Now, although the tabloid industry is vast and is continuing to grow, that doesn’t mean that the audience that is purchases these magazines, newspapers or reading online doesn’t know that what that are reading is most likely fake. A survey done by StrategyOne UK Research on behalf of US-based PR and communications company Edelman, as part of its annual Trust Barometer research involving 2,101 adults found that 68% of the public say they distrust tabloid newspapers and the highest level of trust was in television and radio news with 58%. Surprisingly, broadsheets with 47%, online news sources with 39%, mid-market titles like the Daily Mail, 26% and social media with 8% followed radio news. Just 14% of those surveyed said they trusted tabloid newspapers such as The Sun, Daily Mirror and Daily Star, and the difference between the 68% and 14% figures for the tabloids, 18% said they neither trusted nor distrusted them (Turvill, 2012).
When it comes to my personal opinion on the tabloids in our culture, and how they have affected our culture, I believe they exist to break down the barriers of access that keep social elites at a distance from ordinary people. The tabloids throughout history have been predicated on chipping away at that separation of celebrities to the ordinary American citizen. Tabloids have the ability to play a fundamental role in independent cultures, especially in societies characterized by the pull between the demands of a mass society and the determination of social and commercial variation. Now, although I do think that they are a positive, I do also believe that the work of the tabloids can be irritating, provocative, ethically questionable and even as scandals spectacularly show, highly illegal, but when practiced according to existing laws, tabloid journalism can be an important player in modern culture, helping to moderate some of the central tensions in demonstrative society. Journalism has always been marked by a battle to define the boundaries of acceptable investigative behavior, the tabloids just as they ought to constantly test those boundaries. I am personally guilty of reading through magazines while checking out at the grocery store, and sometimes even buying them because I find them to be fascinating to read about how people who we view to be “greater” the rest of us, live their lives in a glamorous.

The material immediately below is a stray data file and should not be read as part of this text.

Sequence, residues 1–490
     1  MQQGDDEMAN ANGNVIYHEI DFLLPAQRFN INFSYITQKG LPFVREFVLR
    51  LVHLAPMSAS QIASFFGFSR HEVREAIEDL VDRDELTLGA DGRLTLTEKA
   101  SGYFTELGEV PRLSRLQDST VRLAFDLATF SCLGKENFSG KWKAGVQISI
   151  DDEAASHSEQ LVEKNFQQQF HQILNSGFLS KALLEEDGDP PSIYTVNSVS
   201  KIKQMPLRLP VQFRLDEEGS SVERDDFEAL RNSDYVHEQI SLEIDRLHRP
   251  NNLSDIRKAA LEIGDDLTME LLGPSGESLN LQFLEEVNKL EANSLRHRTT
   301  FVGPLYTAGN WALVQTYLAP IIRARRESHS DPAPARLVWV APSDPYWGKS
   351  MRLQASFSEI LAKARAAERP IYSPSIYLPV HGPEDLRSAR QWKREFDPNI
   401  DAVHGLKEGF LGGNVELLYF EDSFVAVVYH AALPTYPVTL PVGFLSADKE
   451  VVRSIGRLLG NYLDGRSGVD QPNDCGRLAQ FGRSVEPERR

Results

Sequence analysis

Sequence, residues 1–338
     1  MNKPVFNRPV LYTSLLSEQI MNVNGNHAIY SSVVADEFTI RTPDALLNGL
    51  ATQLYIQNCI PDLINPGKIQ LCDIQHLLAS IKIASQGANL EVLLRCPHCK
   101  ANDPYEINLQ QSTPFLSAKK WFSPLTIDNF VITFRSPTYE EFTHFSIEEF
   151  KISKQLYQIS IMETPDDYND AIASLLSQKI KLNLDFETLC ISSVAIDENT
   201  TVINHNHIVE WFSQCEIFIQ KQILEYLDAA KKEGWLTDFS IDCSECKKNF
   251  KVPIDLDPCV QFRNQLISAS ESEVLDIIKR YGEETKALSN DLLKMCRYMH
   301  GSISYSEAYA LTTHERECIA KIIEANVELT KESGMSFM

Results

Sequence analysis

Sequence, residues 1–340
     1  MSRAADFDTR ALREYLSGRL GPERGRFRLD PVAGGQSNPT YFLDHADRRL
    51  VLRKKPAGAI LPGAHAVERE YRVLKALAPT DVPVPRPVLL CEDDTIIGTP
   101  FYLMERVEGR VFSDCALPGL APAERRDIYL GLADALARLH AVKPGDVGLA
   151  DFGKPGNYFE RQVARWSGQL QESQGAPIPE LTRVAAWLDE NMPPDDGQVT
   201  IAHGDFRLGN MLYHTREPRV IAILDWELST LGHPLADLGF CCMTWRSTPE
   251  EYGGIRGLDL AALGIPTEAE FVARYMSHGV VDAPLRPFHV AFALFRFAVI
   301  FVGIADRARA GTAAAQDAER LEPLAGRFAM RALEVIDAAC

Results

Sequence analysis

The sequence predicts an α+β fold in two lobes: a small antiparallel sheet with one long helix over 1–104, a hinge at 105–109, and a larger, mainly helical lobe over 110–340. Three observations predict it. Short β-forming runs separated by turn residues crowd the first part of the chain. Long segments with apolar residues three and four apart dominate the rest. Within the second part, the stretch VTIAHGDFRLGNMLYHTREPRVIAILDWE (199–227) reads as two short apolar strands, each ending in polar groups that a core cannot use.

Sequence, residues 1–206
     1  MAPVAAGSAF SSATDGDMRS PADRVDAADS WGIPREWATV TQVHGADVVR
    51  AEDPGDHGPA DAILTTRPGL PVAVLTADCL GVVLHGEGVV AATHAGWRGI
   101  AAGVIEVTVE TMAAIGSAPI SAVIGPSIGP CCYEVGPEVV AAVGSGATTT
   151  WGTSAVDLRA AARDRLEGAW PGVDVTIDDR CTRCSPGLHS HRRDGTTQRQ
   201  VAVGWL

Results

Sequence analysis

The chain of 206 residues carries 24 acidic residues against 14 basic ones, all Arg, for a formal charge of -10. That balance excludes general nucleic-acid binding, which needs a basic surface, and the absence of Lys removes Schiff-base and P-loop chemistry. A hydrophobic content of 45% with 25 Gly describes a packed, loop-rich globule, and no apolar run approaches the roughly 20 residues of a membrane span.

In conclusion, tabloids are very significant part of our society in both a positive and negative aspect. They started out as a small published newspaper back in 1903 and have grown to have a television station dedicated just to celebrity lifestyle, applications on iPhones, web pages, there a tabloid outlet for every form of media nowadays. It is easy to say that this isn’t a positive for society; evidence shows that politicians are more concerned with how they look to the community than whether what they are doing is right for the country. Most people are interested in celebrity lifestyles than what is going on in the country or the world, anyways and aren’t so bothered about trying to change society. Young girls and boys are being conditioned into thinking that being a celebrity is a profession and that it is extremely lucrative and comes with plenty of other benefits. This may not be all the fault of tabloid journalism, but it has certainly had a significant role in society today.

Bibliography

Sensationalism. (2012, 2 16). Retrieved from Oxford Dictionaries: http://oxforddictionaries.com/definition/sensationalism

Tabloid. (2012, 2 16). Retrieved from Mirriam Webster: http://www.merriam-webster.com/dictionary/tabloid

Akin, J. (2005, 3). Mass Media. Retrieved from Beyond Intractability: http://www.beyondintractability.org/node/2629

Chorazak, E. (2009, 3 2). A Brief History Of Tabloid Journalism. Retrieved from Helium: http://www.helium.com/items/1362082-brief-history-of-tabloid-journalism

Linkof, R. (2011, 7 19). Why We Need Tabloids. Retrieved from The New York Times: http://www.nytimes.com/2011/07/20/opinion/20linkof.html

Loncraine, R. (2003, 12 19). Tabloid Nation: From the Birth of the Daily Mirror to the Death of the Tabloid by Chris Horrie. Retrieved from PopMatters: http://www.popmatters.com/pm/review/tabloid-nation

Turvill, W. (2012, 1 24). Survey: 68 Percent Say They Distrust Tabloids. Retrieved from Press Gazette: Journalism Today: http://www.pressgazette.co.uk/story.asp?storycode=48620

Yellow Journalism = Bullshit. (n.d.). Retrieved from trappedinamasonicworld: http://trappedinamasonicworld.wordpress.com/2011/07/08/223/…...